First published on http://www.mediaupdate.co.za in September 2015
A zine is defined as a self-published booklet created by physically cutting and gluing images onto a master flat for photocopying. Although not as popular in South Africa as it is internationally, zine culture does have a place in the local media landscape, and has, in fact, for a long time.
By Remy Raitt
Hannes Bernard and Jenna Bass, founders of Jungle Jim, a bi-monthly African pulp fiction magazine say; “There is a distinct difference between the traditional legacy of formal ‘pulp fiction’ magazines or popular fiction, and what is being produced now. In South Africa, Afrikaans language pulp fiction, in the form offotoboekies (photo-comic books) as well as other forms of international pulp were a hugely popular source of entertainment, and though pulp for black South African audiences was also prevalent, Apartheid tended to keep these markets distinct and separate.”
These days, local zines include a wide variety of content; from booklets of amusing drawings or artfully curated photographs, to musings about the continent, or art exhibition listings.
Print is not dead
For years, the media industry has been muttering about the decline of print. Zine self-publishers are throwing caution to the wind, funding the printing costs of each and every edition. Illana Welman, the force behind the photo-zines Tow Aways says seeing her own work in print is one of the biggest motivators behind her efforts. “I also think there’s a tangibility that people like myself still crave and that’s why quality print is still very much alive.”
The DIY divide
“DIY plays the biggest role in zines,” says Minenkulu Ngoyi of the Alphabet Zoo zine makers collective. “It’s one of the biggest differences zines have from traditional media.”
This do-it-yourself focus also allows people who might not typically be able to publish work in traditional media, a space to express themselves. “It breaks the traditional relationship between art and the public,” says Welman, “where people who wouldn’t normally have the opportunity to have their work printed are now almost encouraged by the zine culture to take it upon themselves.”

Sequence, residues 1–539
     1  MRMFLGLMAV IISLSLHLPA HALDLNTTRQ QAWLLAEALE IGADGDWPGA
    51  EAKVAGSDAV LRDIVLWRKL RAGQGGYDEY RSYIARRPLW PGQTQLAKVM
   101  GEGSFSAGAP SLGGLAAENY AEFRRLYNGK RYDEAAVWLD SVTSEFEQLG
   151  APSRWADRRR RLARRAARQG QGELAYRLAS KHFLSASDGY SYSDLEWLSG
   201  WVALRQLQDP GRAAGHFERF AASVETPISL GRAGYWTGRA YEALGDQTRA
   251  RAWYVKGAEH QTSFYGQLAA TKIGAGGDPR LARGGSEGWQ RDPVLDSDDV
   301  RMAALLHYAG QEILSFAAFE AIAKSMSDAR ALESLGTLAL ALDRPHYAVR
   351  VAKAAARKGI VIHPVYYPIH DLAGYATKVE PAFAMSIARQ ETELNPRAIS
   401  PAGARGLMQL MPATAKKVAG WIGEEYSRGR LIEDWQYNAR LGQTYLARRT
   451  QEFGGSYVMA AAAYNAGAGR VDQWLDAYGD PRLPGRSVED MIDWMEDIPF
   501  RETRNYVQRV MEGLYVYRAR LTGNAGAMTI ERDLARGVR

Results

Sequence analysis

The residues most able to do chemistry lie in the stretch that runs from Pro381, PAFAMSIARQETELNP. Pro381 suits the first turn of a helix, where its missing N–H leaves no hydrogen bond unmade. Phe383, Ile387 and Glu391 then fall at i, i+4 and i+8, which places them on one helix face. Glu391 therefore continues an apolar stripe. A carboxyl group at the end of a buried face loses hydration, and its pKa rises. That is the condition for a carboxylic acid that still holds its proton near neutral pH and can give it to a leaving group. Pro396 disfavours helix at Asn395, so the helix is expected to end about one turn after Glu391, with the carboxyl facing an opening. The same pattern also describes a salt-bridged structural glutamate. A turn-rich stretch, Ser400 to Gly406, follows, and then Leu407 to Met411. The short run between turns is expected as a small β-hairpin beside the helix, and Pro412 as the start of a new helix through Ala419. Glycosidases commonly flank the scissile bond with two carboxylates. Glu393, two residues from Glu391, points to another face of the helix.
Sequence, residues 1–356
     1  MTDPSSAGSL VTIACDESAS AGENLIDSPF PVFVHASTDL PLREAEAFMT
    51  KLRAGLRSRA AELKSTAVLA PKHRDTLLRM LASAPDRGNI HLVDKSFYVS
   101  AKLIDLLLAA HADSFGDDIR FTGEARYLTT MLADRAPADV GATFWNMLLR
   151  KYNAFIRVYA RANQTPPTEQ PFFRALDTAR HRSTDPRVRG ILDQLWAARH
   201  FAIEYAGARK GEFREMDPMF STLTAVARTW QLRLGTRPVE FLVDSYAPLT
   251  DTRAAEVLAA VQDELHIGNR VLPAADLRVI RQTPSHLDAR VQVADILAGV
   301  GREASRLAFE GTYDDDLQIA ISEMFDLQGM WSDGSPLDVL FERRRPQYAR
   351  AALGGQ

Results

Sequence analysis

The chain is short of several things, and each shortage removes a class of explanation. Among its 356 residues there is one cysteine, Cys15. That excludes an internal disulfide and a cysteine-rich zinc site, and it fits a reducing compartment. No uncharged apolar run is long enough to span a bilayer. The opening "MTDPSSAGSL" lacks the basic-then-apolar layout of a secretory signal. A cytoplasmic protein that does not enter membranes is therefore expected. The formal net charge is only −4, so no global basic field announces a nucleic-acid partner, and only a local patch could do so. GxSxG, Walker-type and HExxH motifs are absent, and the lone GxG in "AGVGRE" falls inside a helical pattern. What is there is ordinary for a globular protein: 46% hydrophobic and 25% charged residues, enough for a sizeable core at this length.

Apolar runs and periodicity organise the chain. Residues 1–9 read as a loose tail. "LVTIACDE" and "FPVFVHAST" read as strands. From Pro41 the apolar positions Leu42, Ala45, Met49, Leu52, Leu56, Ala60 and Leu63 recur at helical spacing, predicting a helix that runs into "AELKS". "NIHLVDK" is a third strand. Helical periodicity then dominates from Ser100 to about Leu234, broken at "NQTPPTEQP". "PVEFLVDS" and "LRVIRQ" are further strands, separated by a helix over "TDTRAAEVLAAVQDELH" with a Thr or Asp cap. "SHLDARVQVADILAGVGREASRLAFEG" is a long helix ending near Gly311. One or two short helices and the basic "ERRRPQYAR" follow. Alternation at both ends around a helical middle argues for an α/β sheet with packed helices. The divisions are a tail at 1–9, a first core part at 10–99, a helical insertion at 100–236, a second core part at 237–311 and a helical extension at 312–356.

Self-publishing also allows for complete control. “By self-publishing, we could maintain our vision for the magazine – both in design and editorial – without compromising controversial content and keeping the pages ad-free,” says Bernard and Bass.
Welman echoes this; “There are no rules with zines; you create, you are the author and you determine every aspect of the publication.”
A focus on fun
Ngoyi says another fundamental element of creating zines is play. There are no strict deadlines, no editors barking orders, and freedom of expression is encouraged above everything else. He says Alphabet Zoo use their zine making workshops as a “platform for play”, something evident in the final product.
Bernard and Bass say they also place value on the amusing voices zines can express. “We are excited by the idea of people reading purely for entertainment – not on a highbrow, or high-lit scene, but something accessible, fun,” they say.
The pros and cons
“Self-publishing, of course, comes with all-consuming responsibilities and demands on our time beyond the purely creative aspects of running the magazine, but we see all this as crucial to what the magazine is, rather than a sacrifice,” say Bernard and Bass.
Welman agrees that the positives have more weighting. She says printing costs can be a hack, but the satisfaction of holding the finished product in your hand and watching it journey from reader to readeris what keeps her at it.
Do you read any local zines? Tell us in the comments section below.